The performance of a measurement system is dependent on both the static and dynamic characteristics of the transducers selected. In the case of motion-control systems where the measured quantities are rapidly changing, the dynamic relationships between the input and the output of the measurement system have to be considered, particularly when discrete sampling is involved. In contrast, the measured parameter may change only slowly in some applications; hence the static performance only needs to be considered during the selection process.
The key characteristics of a transducer include the following:
Accuracy is a measure of how the output of the transducer relates to the true value at the input. In any speciﬁcation of accuracy, the value needs to be qualiﬁed by a statement of which errors are being considered and the conditions under which they occur.
Dead band is the largest change in input to which the transducer will fail to respond; this is normally caused by mechanical effects such as friction, backlash, or hysteresis.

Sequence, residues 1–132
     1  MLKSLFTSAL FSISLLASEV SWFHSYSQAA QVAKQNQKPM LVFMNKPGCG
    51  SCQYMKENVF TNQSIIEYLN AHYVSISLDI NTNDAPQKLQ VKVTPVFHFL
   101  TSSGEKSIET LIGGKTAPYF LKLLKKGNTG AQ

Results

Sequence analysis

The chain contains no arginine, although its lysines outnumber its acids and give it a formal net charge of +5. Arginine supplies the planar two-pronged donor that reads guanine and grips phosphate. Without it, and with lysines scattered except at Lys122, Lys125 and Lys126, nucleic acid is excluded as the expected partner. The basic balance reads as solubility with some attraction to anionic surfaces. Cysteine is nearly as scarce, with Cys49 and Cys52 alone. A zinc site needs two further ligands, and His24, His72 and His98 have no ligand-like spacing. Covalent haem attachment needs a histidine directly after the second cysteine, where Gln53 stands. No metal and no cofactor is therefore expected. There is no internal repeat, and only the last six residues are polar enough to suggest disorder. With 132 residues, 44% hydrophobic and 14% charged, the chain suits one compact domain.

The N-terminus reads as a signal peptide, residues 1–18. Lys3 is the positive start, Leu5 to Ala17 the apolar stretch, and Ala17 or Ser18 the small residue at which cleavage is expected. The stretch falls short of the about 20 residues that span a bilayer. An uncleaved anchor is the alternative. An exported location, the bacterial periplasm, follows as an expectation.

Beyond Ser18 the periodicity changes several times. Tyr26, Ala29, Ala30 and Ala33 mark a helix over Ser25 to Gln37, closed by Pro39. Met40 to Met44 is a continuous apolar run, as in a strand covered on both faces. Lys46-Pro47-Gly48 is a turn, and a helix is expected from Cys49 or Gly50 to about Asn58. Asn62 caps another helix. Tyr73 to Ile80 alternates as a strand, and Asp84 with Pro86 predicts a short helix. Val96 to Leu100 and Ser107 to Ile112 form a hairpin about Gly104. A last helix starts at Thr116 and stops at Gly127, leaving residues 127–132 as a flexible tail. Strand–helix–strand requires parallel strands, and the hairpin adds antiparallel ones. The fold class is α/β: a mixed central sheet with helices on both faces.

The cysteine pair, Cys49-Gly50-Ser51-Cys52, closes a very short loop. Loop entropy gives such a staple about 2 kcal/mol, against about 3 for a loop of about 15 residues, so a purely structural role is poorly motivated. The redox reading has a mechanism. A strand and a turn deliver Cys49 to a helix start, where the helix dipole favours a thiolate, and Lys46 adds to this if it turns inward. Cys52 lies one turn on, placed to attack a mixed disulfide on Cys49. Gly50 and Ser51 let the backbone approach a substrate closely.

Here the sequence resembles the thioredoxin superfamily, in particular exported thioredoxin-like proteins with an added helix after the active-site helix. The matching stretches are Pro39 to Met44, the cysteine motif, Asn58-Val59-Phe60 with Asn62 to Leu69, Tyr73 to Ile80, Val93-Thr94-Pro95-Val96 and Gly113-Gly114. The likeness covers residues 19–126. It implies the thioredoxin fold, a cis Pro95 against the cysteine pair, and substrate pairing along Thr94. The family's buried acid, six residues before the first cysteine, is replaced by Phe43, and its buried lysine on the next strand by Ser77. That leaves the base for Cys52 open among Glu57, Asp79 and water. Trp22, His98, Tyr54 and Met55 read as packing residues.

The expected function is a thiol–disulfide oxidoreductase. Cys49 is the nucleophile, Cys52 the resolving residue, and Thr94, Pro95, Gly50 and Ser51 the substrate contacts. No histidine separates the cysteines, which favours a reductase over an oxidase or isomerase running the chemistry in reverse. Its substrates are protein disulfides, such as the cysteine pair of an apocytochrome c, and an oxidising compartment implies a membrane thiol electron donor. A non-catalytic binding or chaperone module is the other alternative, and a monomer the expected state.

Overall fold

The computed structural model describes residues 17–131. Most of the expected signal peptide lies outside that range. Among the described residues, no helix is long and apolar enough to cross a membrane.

Drift is the variation in the transducer’s output that is not caused by a change in the input; typically, it is caused by thermal effects on the transducer or on its conditioning system.
Linearity is a measure of the consistency of the input/output ratio over the useful range of the transducer. Its input-output characteristics should be linear and it should produce these characteristics in a symmetrical way.
Repeatability is a measure of the closeness with which a group of output values agrees for constant input, under a given set of environmental conditions. It should reproduce the same output signal when the same input signal is applied again and again under fixed environmental conditions e.g. temperature, pressure, humidity, etc.
Resolution is the smallest change in the input that can be detected with certainty by the transducer.
Sensitivity is the ratio of the change in the output to a given change in the input. This is sometimes referred to as the gain or the scale factor.
A clear understanding is required of the interaction between accuracy, repeatability, and resolution as applied to a measurement system. It is possible to have measurement systems with either high or low accuracy and repeatability; the measurements compared to the target position are shown in the figure.
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